Extragastrointestinal stromal tumors comprise fewer than 5% of all gastrointestinal stromal tumors (GISTs). It is an adult tumor with only rare cases reported in children. . Approximately 80% of the tumors arise in the omentum and mesentery with remainder occurring in the retroperitoneal space. GISTs can display either spindle or epithelioid morphology. The most common histological presentation is that of a spindle cell tumor with moderate to slight interstitial collagen. 20 – 30% of GISTs are malignant and may histologically resemble leiomyosarcoma. These former tumors usually have less eosinophilic cytoplasm and minimal nuclear pleomorphism although some malignant GISTs can have considerable nuclear pleomorphism. Virtually all GISTs are strongly and uniformly KIT positive. Approximately 60 – 70% are also positive for CD34.

Fibrosarcomas have become vanishingly rare over the last 2 decades with the further classification of malignant spindle cell tumors and are most common at 30 – 55 years of age. The most common sites are in the deep soft tissues of the lower extremities, followed by the upper extremities and trunk. Grossly, the tumors display gray-white to tan-yellow coloring on sectioned surfaces, which are soft to firm, fleshy, and either round or lobulated. Histologically, the tumor cells display a herringbone type pattern. The cells are uniformly spindle shaped with scanty cytoplasm and indistinct cell borders. Immunohistochemically, the cells stain strongly and diffusely for vimentin, focally and weakly for muscle-specific actin and smooth muscle actin in a subset of cases and are negative for epithelial antigens.

Synovial sarcoma is most prevalent in adolescents and young adults (15 – 40 years). It occurs predominantly in the extremities. About 5 – 10% of synovial sarcomas arise in the trunk. Histologically, the tumor cells are stereotypically composed of two morphologically different cell types that form a characteristic biphasic pattern; epithelial cells and spindle cells. Most synovial sarcomas display immunoreactivity for cytokeratins and epithelial membrane antigen. CD99 can be detected in 60 – 70% of cases and bcl-2 in 75 – 100% of cases in a strong and diffuse fashion. A specific translocation, t(X;18) containing one of several fused products, most principally SYT/SSX can be detected either by FISH or RT-PCR in more than 90% of cases.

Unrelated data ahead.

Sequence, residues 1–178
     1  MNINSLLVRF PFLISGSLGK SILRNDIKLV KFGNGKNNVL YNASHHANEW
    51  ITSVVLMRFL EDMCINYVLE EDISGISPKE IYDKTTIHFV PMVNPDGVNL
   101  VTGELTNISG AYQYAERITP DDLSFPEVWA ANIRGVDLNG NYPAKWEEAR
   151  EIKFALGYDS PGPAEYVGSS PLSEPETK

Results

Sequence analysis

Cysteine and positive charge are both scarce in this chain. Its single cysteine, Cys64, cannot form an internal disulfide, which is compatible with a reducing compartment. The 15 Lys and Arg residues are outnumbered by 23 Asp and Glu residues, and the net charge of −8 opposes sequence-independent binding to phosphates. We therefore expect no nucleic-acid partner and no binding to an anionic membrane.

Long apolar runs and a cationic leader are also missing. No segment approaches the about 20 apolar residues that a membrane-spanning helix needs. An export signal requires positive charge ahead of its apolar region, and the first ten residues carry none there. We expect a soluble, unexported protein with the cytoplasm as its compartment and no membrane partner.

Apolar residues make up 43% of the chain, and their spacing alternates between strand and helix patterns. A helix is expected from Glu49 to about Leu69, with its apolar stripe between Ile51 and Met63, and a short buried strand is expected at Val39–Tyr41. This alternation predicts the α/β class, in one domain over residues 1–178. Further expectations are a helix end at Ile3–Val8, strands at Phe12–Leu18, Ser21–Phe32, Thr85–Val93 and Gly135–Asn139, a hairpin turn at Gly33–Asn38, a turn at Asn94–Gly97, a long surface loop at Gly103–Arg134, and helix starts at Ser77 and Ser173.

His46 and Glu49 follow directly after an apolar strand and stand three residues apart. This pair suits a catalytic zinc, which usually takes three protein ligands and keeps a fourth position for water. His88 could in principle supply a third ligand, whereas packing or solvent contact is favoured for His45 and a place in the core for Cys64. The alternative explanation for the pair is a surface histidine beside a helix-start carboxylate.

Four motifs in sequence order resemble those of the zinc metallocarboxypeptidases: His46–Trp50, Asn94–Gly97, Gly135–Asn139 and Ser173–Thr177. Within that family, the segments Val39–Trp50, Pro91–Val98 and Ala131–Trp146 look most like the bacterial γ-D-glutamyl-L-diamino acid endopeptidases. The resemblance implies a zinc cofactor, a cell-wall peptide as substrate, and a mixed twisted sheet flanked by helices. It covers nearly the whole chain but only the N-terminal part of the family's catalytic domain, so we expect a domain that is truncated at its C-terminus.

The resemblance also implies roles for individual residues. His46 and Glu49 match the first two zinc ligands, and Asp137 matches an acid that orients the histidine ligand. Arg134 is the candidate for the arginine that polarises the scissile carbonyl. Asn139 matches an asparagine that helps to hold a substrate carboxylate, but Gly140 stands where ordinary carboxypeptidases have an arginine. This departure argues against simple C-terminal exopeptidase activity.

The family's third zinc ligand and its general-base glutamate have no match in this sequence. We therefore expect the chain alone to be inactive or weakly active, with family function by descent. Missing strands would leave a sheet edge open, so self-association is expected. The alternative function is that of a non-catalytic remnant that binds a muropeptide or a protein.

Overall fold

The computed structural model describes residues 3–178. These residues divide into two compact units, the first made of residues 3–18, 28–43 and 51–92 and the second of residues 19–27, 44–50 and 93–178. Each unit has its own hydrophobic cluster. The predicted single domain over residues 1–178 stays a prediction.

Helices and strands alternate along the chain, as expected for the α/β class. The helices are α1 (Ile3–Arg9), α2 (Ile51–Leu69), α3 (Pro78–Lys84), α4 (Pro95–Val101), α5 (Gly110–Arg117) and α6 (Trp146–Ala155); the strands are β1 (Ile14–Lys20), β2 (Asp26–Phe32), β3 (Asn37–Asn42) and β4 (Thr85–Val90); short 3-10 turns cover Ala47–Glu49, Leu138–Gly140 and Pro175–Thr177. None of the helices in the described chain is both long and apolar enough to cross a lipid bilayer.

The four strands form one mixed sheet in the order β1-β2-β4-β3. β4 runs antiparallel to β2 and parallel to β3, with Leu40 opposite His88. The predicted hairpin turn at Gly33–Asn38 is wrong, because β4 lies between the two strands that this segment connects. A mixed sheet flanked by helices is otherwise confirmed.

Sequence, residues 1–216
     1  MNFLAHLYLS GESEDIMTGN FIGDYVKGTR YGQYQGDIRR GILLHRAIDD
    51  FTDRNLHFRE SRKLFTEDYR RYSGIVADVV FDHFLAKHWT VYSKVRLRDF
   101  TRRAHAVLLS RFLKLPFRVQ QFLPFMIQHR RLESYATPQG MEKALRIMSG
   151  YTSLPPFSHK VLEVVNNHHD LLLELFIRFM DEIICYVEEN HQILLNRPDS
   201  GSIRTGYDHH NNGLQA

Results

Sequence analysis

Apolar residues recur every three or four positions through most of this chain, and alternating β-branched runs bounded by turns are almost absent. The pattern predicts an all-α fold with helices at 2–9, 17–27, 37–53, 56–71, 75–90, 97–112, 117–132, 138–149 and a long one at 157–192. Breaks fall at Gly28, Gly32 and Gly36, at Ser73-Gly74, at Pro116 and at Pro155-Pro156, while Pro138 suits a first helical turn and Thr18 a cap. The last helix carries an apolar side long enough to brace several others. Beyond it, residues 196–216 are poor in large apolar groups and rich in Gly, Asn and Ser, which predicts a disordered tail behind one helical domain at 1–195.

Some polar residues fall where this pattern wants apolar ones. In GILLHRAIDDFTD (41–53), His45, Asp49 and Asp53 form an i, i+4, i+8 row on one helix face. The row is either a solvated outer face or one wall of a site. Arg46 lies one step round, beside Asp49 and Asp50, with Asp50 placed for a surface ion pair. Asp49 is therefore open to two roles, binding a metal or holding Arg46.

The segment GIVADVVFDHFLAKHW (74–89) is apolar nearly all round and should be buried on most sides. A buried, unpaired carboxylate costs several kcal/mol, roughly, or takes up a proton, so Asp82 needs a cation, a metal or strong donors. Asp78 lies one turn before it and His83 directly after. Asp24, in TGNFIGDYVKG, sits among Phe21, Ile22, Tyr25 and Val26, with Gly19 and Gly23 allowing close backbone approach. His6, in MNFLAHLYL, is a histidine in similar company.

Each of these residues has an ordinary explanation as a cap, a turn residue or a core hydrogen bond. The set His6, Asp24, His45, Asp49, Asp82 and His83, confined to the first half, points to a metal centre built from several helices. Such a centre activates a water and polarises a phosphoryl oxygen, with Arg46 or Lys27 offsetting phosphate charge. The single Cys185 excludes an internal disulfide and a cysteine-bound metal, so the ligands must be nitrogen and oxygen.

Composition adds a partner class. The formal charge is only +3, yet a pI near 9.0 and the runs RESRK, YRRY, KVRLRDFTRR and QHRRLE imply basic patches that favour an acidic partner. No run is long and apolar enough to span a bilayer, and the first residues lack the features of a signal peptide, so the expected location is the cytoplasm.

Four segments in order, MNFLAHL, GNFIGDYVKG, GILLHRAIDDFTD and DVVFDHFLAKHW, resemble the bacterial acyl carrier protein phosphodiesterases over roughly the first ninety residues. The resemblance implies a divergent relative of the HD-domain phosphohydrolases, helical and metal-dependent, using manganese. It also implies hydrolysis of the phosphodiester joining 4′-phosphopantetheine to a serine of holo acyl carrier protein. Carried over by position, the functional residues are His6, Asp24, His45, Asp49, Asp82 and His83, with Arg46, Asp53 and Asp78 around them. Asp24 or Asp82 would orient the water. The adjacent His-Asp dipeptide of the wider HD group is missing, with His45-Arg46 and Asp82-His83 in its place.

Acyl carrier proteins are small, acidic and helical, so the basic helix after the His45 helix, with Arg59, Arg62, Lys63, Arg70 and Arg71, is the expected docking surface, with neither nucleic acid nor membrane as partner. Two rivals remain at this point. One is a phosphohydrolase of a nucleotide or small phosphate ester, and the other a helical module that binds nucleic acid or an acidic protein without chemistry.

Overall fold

Malignant peripheral nerve sheath tumors (MPNSTs) account for 5 – 10% of soft tissue sarcomas. Most tumors occur in 20 – 50-year-olds. About 1/4 to 1/2 occur in association with neurofibromatosis 1. Most MPNSTs arise in sites with major nerve trunks, such as in proximity to the sciatic nerve, brachial plexus, and sacral plexus. The cells of MPNSTs are arranged in irregular sweeping fascicles. The nuclei of MPNSTs’ cells are “wavy,” buckled or comma-shaped, and the cytoplasm is lightly stained and usually indistinct. Approximately 50 – 90% of MPNSTs are immunoreactive to anti-S100 protein and immunoreactivity to other neural markers varies widely.

Supplementary Questions: For each of the following, select the most likely diagnosis from the diagnostic set (an answer may be used once, more than once, or not at all).

Question Diagnostic Set
1. Which of the following lesions is not immunoreactive to epithelial antigens? A. Fibrosarcoma
B. Leiomyosarcoma
C. Malignant peripheral nerve sheath tumors
D. Synovial sarcoma
2. All of the following typically show KIT positivity on immunohistochemistry EXCEPT: A. Gastrointestinal stromal tumor
B. Leiomyosarcoma
C. Melanoma
D. Seminoma
3. The translocation t(X;18) is specific for which tumor? A. Fibrosarcoma
B. Gastrointestinal stromal tumor
C. Leiomyosarcoma
D. Synovial sarcoma


  1. Abraham SC. Distinguishing gastrointestinal stromal tumors from their mimics: An update. Adv Anat Pathol. 2007;4:178-88.
  2. de Alava E. Molecular pathology in sarcomas. Clin Transl Oncol. 2007;9:130-144.
  3. Katz SC, DeMatteo RP. Gastrointestinal stromal tumors and leiomyosarcomas. J Surg Oncol. 2008;97:350-359.
  4. Raut CP, Pisters PW. Retroperitoneal sarcomas: Combined-modality treatment approaches. J Surg Oncol. 2006;94:81-87.
  5. Skubitz KM, D’Adamo DR. Sarcoma. Mayo Clin Proc. 2007;82:1409-1432.
  6. Wang VY, Potts M, Chou D. Sarcoma and the spinal column. Neurosurg Clin N Am. 2008;19:71-80.

Shuting Bai, MD, PhD
University of Alabama at Birmingham
Birmingham, AL

Gene P. Siegal, MD, PhD FCAP
Surgical Pathology Committee
University of Alabama at Birmingham
Birmingham, AL